Cassidy Nordstrom clearly stands out at Stevenson High School in Lincolnshire, even among about 4,000 other students.
Nordstrom went as Lady Gaga for Halloween during her junior year. Then there was the day last school year when Nordstrom wore a red, 1980s-style dress to school.
"It was a nice dress and I liked how I looked [ on me, ] for the most part," said Nordstrom, 17, one of three open transgender students at the school.
" [ Being openly transgender ] is not taboo, at least not as much as it used to be. At least not among my group of friends. It's not thought down upon," said Nordstrom, who, last November, had her name legally changed.
Nordstrom said most of her friends are female and many are part of, or very accepting of, the LGBT community. Among those people are many associated with the school's theater clubs and performances.
"I really have not had any issues, though sure, coming out is a problem for some," Nordstrom said. "I came out as bisexual as a freshman, and started to gravitate to a different group of friends, people who could understand me better. Sophomore [ year, it was ] more [ new friends. ]
"Now, almost all of my friends are different from those who I was friends with as a freshman. Sure, I can still talk to most of those [ freshman-year ] friends, but I'm more comfortable around people who understand me more.
"I'm very happy."
Nordstrom is single now, although she has dated.
Cameron Young, 14, a freshman who lives in Riverwoods, is "very new" to the transgender world, but said he has been accepted by whose who know.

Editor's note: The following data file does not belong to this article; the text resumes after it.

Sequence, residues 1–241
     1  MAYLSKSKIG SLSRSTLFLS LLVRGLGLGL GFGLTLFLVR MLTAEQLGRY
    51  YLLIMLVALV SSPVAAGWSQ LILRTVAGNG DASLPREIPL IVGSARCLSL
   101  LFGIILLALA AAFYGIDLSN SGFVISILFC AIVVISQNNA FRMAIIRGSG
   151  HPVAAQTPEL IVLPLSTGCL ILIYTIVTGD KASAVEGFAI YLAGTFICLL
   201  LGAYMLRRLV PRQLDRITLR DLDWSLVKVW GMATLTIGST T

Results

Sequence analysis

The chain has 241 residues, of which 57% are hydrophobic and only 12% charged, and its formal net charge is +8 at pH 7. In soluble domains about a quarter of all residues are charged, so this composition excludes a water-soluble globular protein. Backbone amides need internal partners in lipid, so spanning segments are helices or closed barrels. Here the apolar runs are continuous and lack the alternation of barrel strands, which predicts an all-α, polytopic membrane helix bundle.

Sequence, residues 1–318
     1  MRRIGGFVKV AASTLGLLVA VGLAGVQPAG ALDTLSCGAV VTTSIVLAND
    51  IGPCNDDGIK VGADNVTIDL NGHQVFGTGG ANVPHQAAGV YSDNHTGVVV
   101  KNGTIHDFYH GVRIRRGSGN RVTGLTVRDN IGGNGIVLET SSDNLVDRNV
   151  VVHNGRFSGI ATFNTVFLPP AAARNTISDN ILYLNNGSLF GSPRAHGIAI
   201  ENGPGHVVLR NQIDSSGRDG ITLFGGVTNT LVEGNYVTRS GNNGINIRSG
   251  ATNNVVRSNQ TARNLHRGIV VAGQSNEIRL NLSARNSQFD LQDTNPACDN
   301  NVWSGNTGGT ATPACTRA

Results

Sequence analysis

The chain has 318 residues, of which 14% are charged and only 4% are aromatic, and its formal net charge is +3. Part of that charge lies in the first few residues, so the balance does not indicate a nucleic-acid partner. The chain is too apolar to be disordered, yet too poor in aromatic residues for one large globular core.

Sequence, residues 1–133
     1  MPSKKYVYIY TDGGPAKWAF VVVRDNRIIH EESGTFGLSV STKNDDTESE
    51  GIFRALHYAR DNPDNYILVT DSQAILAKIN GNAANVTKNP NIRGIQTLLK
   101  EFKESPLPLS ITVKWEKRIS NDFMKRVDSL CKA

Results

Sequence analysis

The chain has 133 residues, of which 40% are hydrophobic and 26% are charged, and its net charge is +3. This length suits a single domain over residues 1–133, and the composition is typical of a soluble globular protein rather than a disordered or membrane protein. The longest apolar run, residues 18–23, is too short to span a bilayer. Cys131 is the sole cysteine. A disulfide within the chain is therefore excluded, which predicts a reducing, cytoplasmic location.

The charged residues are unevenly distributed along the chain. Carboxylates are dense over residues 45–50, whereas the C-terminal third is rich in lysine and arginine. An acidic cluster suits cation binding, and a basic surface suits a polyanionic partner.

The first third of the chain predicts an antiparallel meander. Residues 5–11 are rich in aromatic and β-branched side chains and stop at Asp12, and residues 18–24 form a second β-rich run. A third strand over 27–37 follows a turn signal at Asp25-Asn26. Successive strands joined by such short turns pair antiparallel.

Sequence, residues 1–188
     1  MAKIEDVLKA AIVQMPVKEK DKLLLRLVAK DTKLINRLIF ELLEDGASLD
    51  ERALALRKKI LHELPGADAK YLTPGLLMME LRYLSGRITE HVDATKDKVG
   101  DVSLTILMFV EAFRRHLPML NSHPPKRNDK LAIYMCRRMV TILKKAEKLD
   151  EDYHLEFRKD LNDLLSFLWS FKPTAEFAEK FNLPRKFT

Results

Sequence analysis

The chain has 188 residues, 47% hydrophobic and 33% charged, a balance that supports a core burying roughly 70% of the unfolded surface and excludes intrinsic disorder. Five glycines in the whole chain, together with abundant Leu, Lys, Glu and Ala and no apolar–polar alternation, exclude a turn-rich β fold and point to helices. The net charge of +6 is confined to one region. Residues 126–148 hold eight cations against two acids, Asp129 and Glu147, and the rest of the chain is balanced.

"When it has come up, I think people have been OK with it, though I'm not sure everyone completely understands. But at least they don't seem against it," said Young, who recently revealed his name to the cheers of Stevenson Gay-Straight Alliance ( GSA ) membersand the tears of his girlfriend.
Nordstrom and Young are two of the three openly transgender students at Stevenson.
Both say it's not just a phase that they will grow out ofa very common reaction from mothers and grandmothers, they said.
"Things are going well for me," said Young, who said he is now in his second "official relationship."
Stevenson's GSA has about 40 members, primarily females. "This [ school ] year, it's kind of surprising how few gay men we have" in the group, said Stevenson senior Sarah Graves, who is the co-president of the school's GSA.
"I really enjoy [ the GSA ] ; we really have a lot of pride in who we are."
Graves said the GSA is an integral part of the student life, particularly for those who are still questioning their sexual orientation. The GSA, which meets every Monday in a closed-door English classroom, is accepting to all, including LGBT allies.
"There's so much energy, so much creative energy in the group," said Graves, who smiled when she admitted she's been to two Gay Pride Parades, quickly adding, "they're fun."
Graves, as a junior, was one of four LGBT students to speak to a group of about 200 teachers about student life from the LGBT perspective.
Now single, she previously dated a transgender student.
Stevenson plays host to its fourth annual GSA Valentine's Dance on Friday night, Feb. 10 at the school in Lincolnshire. The inaugural dance was attended by 60 students, then 90 the next year and 120 last year. Organizers are expecting at least that many this time, as invitations went out to the GSAs at high schools in other suburbs, including Vernon Hills, New Trier and Buffalo Grove.
Many Stevenson staff attend the event, including the school principal and school district board members, organizers said.
"The dance is a blast," said Graves, who noted that, as with past years, there also will be coloring books available for the non-dancers and those who just want a fun way to interact.
"The dance is a real open event. It's a hate-free dance, perhaps more than any event at the school. Everyone can be themselves, be open, and come [ dressed ] as they want.
"The dance, in reality, is just an extension of this room, of the GSA [ meeting. ] "